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Adi is a social business blogger and community manager that writes for sites such as Social Business News and Social Media Today. Away from the computer he enjoys cycling, particularly in the Alpes. Adi is a DZone Zone Leader and has posted 1278 posts at DZone. You can read more from them at their website. View Full User Profile

Better open innovation in three steps

02.10.2014
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A key aspect of any open innovation project is getting the kind of input from participants you hope for.  I’ve written previously on some of the motivations behind participation in a crowdsourcing project, with the four main ones being:

  1. Money
  2. Fame
  3. Enjoyment
  4. Social worth

Research into participant behaviour at the Zooniverse citizen science project went further into the intrinsic factors behind participation, finding that passion for the subject was a key determinant of involvement.

A new study conducted by Linus Dahlander and Henning Piezunka has looked at participation from a slightly more tactical point of view.  They wanted to find out some of the things sponsoring organisations can do to encourage people to participate, aside of course from the high level things I highlight above.

The study explored the field of online feedback and suggestion boxes from around 24,000 organisations.  Admittedly, this is quite a narrow niche, but nevertheless, there may be some lessons for those attempting slightly more advanced open innovation projects.

Three key behaviours emerged that underlined many of the successful projects:

  1. Be proactive – Rather than have a build it and they will come philosophy, the study suggests that organisations should work to kick-start conversations, even if that involves some form of internally developed suggestions.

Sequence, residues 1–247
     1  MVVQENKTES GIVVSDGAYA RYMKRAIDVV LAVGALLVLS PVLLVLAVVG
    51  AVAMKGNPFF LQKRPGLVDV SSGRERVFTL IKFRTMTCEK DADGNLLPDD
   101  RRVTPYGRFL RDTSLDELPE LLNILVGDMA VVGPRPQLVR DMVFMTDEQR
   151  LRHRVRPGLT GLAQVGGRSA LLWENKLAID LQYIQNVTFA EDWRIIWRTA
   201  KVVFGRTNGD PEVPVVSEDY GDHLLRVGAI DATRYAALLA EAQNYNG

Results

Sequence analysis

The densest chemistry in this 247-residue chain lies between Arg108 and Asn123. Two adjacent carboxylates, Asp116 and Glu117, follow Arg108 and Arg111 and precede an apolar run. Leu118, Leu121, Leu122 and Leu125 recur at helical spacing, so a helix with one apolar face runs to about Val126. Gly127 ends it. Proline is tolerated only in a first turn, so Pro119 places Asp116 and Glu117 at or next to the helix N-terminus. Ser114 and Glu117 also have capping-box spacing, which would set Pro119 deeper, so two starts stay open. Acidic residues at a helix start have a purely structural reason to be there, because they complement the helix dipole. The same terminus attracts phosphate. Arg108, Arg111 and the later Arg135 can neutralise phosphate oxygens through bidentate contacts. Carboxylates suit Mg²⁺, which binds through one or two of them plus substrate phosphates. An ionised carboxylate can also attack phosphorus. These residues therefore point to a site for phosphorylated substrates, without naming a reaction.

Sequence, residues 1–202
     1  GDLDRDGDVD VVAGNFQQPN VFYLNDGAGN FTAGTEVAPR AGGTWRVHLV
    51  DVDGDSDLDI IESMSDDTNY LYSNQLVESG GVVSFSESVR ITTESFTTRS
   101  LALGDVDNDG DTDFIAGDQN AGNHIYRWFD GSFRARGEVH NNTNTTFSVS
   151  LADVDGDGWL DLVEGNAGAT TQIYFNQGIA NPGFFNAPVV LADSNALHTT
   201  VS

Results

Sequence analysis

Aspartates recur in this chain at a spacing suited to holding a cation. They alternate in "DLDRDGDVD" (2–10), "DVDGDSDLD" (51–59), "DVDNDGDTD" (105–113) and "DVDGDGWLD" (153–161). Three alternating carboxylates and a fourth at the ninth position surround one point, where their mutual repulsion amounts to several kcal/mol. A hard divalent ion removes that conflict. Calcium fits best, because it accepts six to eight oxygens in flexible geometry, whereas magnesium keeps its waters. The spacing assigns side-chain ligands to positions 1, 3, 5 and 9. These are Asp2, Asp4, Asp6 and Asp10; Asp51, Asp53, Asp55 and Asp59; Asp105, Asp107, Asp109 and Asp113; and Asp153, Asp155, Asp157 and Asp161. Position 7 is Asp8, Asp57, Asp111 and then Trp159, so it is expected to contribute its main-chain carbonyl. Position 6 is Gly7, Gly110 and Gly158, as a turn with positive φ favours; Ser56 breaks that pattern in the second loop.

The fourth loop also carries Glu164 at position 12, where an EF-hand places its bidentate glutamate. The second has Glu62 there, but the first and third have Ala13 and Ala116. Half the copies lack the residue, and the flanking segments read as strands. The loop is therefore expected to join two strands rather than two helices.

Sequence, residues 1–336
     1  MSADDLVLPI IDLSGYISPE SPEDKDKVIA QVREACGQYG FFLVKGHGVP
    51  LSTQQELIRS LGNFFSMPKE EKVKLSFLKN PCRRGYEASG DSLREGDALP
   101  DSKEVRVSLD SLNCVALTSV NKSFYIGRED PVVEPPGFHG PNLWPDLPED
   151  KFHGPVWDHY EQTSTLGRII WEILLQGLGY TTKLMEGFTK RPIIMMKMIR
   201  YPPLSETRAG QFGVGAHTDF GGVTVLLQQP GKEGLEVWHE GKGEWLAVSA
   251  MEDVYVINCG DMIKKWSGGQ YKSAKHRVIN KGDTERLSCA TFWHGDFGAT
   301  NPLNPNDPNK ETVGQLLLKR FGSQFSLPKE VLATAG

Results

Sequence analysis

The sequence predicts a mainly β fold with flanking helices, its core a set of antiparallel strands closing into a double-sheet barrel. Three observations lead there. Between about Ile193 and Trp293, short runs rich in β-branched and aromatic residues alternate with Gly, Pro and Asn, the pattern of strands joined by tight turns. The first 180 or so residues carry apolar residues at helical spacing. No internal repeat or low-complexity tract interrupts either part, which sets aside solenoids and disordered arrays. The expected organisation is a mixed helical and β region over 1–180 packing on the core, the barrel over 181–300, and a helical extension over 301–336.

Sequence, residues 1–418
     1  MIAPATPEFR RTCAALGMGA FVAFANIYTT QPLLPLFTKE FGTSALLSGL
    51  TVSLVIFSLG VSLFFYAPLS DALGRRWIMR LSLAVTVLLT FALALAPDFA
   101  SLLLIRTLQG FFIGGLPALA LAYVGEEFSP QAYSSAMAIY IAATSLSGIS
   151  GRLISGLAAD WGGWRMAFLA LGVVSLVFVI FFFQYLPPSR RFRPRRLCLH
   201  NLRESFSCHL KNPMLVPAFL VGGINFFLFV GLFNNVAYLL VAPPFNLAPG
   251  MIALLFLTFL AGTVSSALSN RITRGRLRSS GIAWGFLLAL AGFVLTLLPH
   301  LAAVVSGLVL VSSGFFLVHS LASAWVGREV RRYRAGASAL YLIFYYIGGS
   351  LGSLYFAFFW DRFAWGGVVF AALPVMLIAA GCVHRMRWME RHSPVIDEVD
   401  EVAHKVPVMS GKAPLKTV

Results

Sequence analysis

2. Be engaging – Central to the submission of ideas is the belief that someone is listening to them.  The study suggests therefore that organisations need to make it clear that ideas are both seen and being considered.  People can easily be put off if they feel their time is being wasted.
  3. Be active – Building up a vibrant community from scratch takes a lot of work, so organisations should spend time building relationships with early users.  The Zooniverse study mentioned previously highlighted how valuable the core users were, so this step is not to be underestimated.

“One of the reasons why most organisations fail to elicit suggestions successfully is because outsiders don’t see how much effort actually goes on behind the scenes”, Professor Dahlander said. But without these steps, many attempts at open innovation will simply wither and die.

“Our suggestions might seem like common-sense rules for successful communication but the reality is that companies frequently underestimate the investment needed and often fail to apply such widely understood best practices when it comes to corporate engagement. If organisations actually adopt the strategies of proactive and reactive attention, they can then unlock the enormous potential of open innovation.”

Whilst most of these tips are indeed largely common sense, I think they serve a useful purpose in underlining the critical role community management plays in open innovation.  It seems a role that is often underplayed, with few professional community managers playing an active role in the industry.  Hopefully as more studies such as this emerge that will begin to change.

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